Brevard County officials have posted "Safety Hazard Keep Off The Boat" signs around the grounded sailboat.
Flanked by sea turtle nests, the vandalized Key West "ghost ship" that mysteriously washed ashore after Hurricane Irma will likely remain beached until at least November.
Two yellow do-not-disturb signs alongside the sailboat's half-buried, graffiti-decorated hull indicate that the endangered reptiles recently laid eggs there. Another sea turtle nest lies a few steps to the north.
And Brevard County officials have posted a trio of red-lettered "Safety Hazard Keep Off The Boat" signs around the vessel at Spessard Holland South Beach Park.
Cuki, the beached 45-foot sailboat, will not be removed until sea turtle nesting season ends on Oct. 31 — at the earliest — said Matt Culver, boating and waterways program coordinator.
Culver said the sailboat's ultimate fate remains tied up in the Monroe County legal system. Jeffrey Sundwall, who owns the boat, remains jailed in Key West for sexual assault, tampering with or fabricating physical evidence, cocaine possession and 45 counts of possession of child pornography. He is scheduled to appear in court June 7.
Sundwall wants his boat back. But a private contractor that he hired examined the watercraft and determined that it wasn't worth salvaging, said Don Walker, county spokesman. The fiberglass-hull watercraft was built in 1974, Coast Guard records show.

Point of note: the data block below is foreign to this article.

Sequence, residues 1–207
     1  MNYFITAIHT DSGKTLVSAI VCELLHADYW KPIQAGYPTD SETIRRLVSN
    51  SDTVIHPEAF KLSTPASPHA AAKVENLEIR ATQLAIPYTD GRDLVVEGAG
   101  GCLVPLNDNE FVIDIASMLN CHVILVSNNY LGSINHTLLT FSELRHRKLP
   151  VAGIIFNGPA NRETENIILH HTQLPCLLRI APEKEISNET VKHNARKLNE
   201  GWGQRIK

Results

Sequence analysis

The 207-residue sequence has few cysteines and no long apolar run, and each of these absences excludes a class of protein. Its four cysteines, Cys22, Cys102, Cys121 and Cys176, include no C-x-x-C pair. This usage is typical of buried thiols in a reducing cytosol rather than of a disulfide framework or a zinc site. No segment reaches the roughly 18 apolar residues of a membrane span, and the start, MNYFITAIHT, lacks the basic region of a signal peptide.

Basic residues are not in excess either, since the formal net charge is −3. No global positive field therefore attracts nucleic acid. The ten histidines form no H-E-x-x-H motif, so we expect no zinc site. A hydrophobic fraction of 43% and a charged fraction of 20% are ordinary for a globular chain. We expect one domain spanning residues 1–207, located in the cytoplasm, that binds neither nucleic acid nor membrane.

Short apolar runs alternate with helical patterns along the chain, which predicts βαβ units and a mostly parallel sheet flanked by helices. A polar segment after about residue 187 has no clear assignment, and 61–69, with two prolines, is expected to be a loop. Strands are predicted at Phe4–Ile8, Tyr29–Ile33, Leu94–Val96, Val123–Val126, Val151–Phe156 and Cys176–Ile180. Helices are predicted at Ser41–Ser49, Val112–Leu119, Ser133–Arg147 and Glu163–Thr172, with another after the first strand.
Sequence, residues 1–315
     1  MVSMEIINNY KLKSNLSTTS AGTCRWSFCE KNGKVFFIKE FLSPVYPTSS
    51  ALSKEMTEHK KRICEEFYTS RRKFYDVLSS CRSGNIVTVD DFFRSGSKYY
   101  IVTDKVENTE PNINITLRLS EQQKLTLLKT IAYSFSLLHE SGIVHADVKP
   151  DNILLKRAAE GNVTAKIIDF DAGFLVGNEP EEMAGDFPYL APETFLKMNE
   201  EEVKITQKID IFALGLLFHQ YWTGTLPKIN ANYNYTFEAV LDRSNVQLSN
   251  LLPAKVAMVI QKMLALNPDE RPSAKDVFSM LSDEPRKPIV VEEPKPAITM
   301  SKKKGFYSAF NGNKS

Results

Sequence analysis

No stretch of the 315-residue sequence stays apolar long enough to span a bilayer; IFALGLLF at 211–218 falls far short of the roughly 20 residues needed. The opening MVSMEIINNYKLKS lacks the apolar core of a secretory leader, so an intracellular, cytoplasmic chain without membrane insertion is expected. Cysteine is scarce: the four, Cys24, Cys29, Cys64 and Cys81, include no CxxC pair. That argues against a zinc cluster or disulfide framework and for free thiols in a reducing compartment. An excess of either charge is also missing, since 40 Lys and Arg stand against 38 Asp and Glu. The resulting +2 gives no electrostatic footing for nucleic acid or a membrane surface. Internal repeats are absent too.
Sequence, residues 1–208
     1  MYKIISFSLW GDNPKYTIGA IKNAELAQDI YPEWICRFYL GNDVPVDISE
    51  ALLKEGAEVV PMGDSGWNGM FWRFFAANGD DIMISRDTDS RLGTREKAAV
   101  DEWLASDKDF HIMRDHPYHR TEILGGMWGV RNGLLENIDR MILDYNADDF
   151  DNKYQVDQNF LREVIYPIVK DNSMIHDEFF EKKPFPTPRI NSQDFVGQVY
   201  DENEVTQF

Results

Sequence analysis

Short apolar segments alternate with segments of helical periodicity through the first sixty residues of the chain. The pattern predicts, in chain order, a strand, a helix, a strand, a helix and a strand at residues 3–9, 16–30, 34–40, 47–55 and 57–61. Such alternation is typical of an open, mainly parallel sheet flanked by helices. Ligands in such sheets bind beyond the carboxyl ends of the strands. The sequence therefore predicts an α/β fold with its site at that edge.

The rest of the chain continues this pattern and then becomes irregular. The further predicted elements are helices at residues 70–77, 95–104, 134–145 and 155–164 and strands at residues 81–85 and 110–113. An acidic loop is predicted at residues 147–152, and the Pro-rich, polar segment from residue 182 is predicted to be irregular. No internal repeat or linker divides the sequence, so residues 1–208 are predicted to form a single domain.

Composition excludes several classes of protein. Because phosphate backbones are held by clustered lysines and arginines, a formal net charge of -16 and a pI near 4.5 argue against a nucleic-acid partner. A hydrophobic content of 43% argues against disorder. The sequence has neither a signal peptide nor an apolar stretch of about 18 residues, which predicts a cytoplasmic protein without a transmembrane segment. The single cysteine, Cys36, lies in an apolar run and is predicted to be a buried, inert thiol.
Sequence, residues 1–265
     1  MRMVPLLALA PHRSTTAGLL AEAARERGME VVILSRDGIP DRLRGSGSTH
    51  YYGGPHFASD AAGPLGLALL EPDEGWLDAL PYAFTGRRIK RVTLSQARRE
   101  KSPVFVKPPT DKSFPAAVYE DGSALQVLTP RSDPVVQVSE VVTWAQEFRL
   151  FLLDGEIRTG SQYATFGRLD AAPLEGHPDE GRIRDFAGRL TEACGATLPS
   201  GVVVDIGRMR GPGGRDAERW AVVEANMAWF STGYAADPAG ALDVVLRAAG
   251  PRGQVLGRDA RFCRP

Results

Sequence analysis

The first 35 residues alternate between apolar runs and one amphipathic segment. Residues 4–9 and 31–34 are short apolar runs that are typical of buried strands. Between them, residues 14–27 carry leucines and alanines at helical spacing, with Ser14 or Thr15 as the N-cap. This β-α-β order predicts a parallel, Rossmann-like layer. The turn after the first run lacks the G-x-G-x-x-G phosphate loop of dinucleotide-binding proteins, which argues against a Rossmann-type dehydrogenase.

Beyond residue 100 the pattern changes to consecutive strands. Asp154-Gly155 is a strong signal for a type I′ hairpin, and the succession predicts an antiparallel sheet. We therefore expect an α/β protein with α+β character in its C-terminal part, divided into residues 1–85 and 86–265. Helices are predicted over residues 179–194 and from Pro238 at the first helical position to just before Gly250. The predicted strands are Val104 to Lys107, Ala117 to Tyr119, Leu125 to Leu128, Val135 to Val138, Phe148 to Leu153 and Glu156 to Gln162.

Irma's waves and wind gusts apparently tore the sailboat from her anchor, and the unoccupied vessel drifted more than 300 miles up Florida's East Coast before running aground at Spessard Holland South Beach Park. A morning beach jogger reported Cuki to authorities on Sept. 19 — back when the boat contained mannequins, electronics, appliances and other items of value.
The following week, Absolute Marine Towing & Salvage, the county's longtime derelict vessel removal contractor, estimated it might cost $24,000 to tow Cuki back out to sea. Since then, drifting sand has partially filled the cabin cruiser — along with beer cans, bottles and other litter discarded by trespassers.
A blue gasoline can now dangles high above the beach, suspended by cables attached to the top of the tilted mast.
Vandals have scratched graffiti in Cuki's blue and white paint, written messages using black markers, and spray-painted words and symbols on her hull.
Officer Bobby Dube, a Florida Fish and Wildlife Conservation Commission spokesman based in Marathon, did not have information available Friday on the fate of Cuki.
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